This work ships from the United States.
Ernst Haas is renowned for complicating the fine line between photojournalism and photography as a means of fine art. An early innovator in color photography, his images featuring symbols of American culture, both familiar and historic, promote a sense of enduring spirit. Here, he captures two young men repairing Venetian gondolas while embodying an unmistakably American cowboy style.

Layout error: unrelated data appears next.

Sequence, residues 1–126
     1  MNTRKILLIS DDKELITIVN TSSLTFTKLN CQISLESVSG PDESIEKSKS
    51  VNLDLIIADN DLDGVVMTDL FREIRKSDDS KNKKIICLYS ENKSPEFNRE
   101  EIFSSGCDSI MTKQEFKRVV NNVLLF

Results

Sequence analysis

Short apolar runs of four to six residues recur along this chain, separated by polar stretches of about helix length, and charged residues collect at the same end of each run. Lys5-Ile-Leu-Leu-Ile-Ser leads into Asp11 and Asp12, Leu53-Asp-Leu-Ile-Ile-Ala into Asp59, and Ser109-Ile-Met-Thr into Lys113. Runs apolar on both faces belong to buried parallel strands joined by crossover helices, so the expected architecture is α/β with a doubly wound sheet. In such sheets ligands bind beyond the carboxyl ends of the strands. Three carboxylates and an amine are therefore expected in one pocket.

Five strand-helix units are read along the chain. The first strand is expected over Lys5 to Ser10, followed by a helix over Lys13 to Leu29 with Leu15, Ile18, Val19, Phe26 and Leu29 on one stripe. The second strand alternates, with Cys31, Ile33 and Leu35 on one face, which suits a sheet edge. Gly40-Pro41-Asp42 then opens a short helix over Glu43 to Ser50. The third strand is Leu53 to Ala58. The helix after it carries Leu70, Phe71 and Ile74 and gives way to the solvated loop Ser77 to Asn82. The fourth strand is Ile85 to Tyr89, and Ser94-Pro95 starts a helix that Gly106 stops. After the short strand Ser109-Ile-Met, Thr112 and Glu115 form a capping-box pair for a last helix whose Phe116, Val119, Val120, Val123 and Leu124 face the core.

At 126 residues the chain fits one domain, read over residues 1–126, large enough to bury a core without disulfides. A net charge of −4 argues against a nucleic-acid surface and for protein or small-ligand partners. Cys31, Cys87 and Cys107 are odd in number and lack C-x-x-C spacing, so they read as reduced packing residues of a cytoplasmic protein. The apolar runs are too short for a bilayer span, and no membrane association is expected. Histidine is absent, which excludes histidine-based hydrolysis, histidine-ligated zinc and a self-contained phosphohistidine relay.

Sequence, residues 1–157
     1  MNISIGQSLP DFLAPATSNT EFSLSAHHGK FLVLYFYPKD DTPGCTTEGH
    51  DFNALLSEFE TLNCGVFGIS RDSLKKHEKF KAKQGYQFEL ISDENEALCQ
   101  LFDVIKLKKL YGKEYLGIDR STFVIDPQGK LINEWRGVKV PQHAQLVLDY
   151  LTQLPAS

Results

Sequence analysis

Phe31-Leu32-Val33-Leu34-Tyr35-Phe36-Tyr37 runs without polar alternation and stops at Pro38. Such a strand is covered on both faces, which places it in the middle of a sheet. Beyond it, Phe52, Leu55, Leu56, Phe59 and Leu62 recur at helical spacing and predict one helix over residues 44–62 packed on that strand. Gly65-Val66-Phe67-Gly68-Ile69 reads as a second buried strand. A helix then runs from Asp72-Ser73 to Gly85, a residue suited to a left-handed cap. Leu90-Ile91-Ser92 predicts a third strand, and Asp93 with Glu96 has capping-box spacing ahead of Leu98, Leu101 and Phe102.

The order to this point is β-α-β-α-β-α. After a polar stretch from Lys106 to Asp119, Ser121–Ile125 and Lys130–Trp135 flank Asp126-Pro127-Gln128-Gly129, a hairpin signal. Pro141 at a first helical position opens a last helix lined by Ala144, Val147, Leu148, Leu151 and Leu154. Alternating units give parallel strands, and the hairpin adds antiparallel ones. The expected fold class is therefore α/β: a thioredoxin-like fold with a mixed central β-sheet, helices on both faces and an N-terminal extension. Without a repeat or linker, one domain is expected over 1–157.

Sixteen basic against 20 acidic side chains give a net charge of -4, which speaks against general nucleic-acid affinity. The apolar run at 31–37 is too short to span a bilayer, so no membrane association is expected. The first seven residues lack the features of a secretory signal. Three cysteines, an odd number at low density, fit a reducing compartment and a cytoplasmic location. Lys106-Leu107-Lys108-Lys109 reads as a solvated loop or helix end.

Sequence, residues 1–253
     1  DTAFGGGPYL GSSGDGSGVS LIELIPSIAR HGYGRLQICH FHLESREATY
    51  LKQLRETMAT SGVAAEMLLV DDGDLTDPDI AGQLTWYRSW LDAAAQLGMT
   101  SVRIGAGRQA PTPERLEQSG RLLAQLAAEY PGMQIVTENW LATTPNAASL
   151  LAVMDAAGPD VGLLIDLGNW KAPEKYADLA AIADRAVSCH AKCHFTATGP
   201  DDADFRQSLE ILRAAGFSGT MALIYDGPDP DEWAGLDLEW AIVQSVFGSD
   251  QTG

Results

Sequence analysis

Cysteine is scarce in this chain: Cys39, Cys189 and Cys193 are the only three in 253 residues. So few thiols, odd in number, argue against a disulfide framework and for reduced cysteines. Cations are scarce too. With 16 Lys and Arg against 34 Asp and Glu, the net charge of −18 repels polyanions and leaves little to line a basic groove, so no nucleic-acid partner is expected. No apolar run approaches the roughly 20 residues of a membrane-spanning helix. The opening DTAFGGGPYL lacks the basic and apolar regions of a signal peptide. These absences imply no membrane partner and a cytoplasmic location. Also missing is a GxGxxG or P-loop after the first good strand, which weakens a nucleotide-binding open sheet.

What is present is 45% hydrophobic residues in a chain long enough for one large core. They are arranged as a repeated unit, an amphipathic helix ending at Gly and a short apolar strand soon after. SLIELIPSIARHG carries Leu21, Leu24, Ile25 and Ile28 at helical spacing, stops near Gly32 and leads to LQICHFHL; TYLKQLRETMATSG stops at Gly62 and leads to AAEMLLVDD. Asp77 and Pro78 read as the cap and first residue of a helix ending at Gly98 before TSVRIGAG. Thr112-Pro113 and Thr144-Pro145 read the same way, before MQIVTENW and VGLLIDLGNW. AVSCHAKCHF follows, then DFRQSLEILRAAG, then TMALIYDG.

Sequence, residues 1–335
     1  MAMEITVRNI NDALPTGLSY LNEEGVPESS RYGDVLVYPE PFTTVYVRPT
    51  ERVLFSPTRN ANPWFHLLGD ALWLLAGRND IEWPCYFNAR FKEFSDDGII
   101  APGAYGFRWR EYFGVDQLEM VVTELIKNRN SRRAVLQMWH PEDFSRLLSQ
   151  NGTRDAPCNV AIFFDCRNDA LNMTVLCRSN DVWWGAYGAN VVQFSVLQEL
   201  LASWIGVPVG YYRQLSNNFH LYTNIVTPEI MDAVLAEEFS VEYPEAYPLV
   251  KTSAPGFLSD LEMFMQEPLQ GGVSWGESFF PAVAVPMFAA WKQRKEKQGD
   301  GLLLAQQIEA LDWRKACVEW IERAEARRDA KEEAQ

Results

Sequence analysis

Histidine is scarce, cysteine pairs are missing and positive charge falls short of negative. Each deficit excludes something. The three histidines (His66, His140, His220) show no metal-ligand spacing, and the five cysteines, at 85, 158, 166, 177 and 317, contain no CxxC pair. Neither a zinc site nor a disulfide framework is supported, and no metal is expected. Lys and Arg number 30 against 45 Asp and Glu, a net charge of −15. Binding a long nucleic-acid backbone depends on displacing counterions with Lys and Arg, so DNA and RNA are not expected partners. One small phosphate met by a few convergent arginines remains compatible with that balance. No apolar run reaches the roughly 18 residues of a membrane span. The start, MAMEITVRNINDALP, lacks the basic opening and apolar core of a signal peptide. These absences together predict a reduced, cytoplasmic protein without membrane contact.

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The celebrated photographer Ernst Haas (Austrian-American, 1921– 1986) is one of the most influential photojournalists of the 20th century. Born in Vienna, Haas took up photography after WWII, gaining acclaim for his images of returning prisoners of war. He joined Magnum in 1949 and moved to the U.S. in 1951. In the early 1950s he started working with color film, becoming the leading color photographer of the era. Traveling extensively throughout his career, Haas shot groundbreaking photo essays for magazines like LIFE, Vogue, and Look. In 1962, a retrospective of his work was the first color photo exhibition held at New York’s Museum of Modern Art. He published four books and won the Hasselblad award in 1986.